The charging documents filed Thursday shed no new light on the alleged motive for the homicide.
The uncle of an autistic 6-year-old boy whose body was found in a Lynnwood apartment-complex dumpster has been charged with first-degree murder-domestic violence in Snohomish County District Court.
Andrew Henckel, 19, is accused in charging documents filed Thursday of drowning Dayvid Pakko in a bathtub Monday afternoon. The court documents shed no new light on the alleged motive for the crime.
Henckel is being held in lieu of $1 million bail in the Snohomish County Jail.
Dayvid, who stayed home from school because of illness, was being watched by Henckel in the family’s home at Bristol Square Apartments, in the 15700 block of 44th Avenue West, when he was reported missing at about 2 p.m. Monday. His body was found around 2 a.m. the next day in a dumpster not far from his apartment.
Most Read Stories
- Everett’s bikini baristas head to federal court to argue for freedom of exposure
- A Washington syrah was named second best wine in the world
- Anthony Bourdain's 'Parts Unknown' came to Seattle: What did you think of the episode?
- Expect record-high temps, 'copious rain' in Seattle area as we head toward Thanksgiving VIEW
- Parents, adult son believed dead in Sammamish murder-suicide
Detectives say Henckel, who is 6-foot-4 and 180 pounds, grabbed the 48-pound boy from behind and plunged him face-first into the tub, holding him under water until he stopped struggling, according to court documents.
He then wrapped the body in a large blanket, put it in a cardboard box and placed it in the dumpster, the documents said.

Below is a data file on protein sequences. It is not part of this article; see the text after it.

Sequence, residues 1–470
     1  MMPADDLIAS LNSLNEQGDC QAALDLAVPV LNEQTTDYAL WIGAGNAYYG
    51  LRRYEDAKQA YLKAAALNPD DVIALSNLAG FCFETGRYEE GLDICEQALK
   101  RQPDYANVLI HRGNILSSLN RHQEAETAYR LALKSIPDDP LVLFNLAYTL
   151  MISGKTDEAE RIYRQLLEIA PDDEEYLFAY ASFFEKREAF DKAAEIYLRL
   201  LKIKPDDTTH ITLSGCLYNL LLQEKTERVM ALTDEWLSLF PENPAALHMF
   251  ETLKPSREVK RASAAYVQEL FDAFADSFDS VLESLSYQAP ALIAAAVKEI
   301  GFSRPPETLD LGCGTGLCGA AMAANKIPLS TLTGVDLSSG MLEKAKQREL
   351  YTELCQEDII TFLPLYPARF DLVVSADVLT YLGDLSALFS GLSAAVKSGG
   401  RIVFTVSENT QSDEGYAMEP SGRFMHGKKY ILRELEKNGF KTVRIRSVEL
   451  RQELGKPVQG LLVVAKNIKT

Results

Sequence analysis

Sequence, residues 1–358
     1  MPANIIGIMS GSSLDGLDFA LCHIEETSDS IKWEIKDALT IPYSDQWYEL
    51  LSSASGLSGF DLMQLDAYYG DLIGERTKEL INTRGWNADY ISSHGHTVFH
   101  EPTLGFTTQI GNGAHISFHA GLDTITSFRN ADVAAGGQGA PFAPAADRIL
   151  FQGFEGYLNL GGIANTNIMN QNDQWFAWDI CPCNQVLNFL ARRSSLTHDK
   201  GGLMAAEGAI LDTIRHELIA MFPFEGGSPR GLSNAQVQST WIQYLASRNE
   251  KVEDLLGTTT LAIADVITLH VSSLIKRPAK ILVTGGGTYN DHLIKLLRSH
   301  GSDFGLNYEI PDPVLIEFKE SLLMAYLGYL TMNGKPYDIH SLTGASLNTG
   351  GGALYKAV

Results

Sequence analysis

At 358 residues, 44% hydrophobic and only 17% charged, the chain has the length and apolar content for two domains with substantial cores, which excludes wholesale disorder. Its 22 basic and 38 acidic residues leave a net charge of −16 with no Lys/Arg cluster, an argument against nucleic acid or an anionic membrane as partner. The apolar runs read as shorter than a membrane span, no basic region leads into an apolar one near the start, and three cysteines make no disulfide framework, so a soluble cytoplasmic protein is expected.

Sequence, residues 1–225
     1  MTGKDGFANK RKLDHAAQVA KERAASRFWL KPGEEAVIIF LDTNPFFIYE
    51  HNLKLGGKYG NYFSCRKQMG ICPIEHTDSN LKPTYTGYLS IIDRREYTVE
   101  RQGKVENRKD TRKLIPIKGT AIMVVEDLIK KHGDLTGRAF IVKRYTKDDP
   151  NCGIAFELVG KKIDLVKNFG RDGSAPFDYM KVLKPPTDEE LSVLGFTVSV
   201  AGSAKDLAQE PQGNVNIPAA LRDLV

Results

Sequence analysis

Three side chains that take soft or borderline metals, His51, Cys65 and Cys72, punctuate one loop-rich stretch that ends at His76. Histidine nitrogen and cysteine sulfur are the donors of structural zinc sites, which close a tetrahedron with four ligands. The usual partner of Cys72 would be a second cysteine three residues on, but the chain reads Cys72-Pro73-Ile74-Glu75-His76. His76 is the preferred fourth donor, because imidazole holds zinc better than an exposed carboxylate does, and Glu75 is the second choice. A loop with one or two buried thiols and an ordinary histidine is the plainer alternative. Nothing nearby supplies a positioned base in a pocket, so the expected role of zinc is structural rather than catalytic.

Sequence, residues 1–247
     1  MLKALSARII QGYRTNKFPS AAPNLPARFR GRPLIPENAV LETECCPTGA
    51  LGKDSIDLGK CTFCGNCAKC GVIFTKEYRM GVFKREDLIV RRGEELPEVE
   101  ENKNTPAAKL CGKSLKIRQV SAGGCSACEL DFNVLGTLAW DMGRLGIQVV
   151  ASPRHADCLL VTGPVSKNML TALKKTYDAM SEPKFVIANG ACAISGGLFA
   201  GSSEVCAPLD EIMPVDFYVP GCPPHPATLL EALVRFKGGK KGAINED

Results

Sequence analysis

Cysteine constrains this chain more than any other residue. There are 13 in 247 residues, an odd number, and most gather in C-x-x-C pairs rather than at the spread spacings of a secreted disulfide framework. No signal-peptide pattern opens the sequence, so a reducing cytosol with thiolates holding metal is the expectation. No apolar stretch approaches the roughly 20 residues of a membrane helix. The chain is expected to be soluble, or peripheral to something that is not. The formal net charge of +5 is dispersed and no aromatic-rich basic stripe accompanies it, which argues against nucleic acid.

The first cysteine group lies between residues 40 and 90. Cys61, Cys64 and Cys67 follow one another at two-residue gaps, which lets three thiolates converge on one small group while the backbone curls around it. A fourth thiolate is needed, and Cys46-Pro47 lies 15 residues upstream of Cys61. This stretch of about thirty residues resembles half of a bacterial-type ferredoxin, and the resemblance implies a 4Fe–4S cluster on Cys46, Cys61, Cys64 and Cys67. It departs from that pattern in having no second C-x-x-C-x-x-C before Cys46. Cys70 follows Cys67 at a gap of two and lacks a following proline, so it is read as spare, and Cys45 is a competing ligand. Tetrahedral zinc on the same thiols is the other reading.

Henckel, whose former attorney and father say suffers from autism spectrum disorder, was taken into custody by police a short time after Dayvid’s body was found. He was not booked into the Snohomish County Jail until 3:30 p.m.
Henckel’s father, Randy, talking to reporters from San Antonio, Texas, said the young man was interrogated by police for hours without a parent or attorney present, despite having obvious developmental disabilities.
Rachel Forde, the Snohomish County public defender who appeared with Henckel at his first appearance in Everett District Court on Wednesday, urged the judge not to hold her client based solely on his statements to police, pointing out that individuals with his disability are easily susceptible to suggestion and authority figures.
Henckel’s family has since retained a private attorney, Forde said Thursday.
The documents indicate that Henckel came under particular scrutiny based on his actions after the boy’s body was found in the dumpster. Rather than showing interest in the sudden activity, they said, Henckel left the area.
“It appeared that police interest in the dumpster was quite obvious, yet Andrew walked away at that precise moment in time,” according to the document.
Randy Henckel told the San Antonio TV station that his son had been staying with Dayvid’s family for about a week when he was asked to baby-sit his nephew. He says he spoke to his son Monday night, and he indicated the boy was missing.
Randy Henckel said his son met Dayvid for the first time during his visit.
He told the TV station he does not believe his son is capable of murder.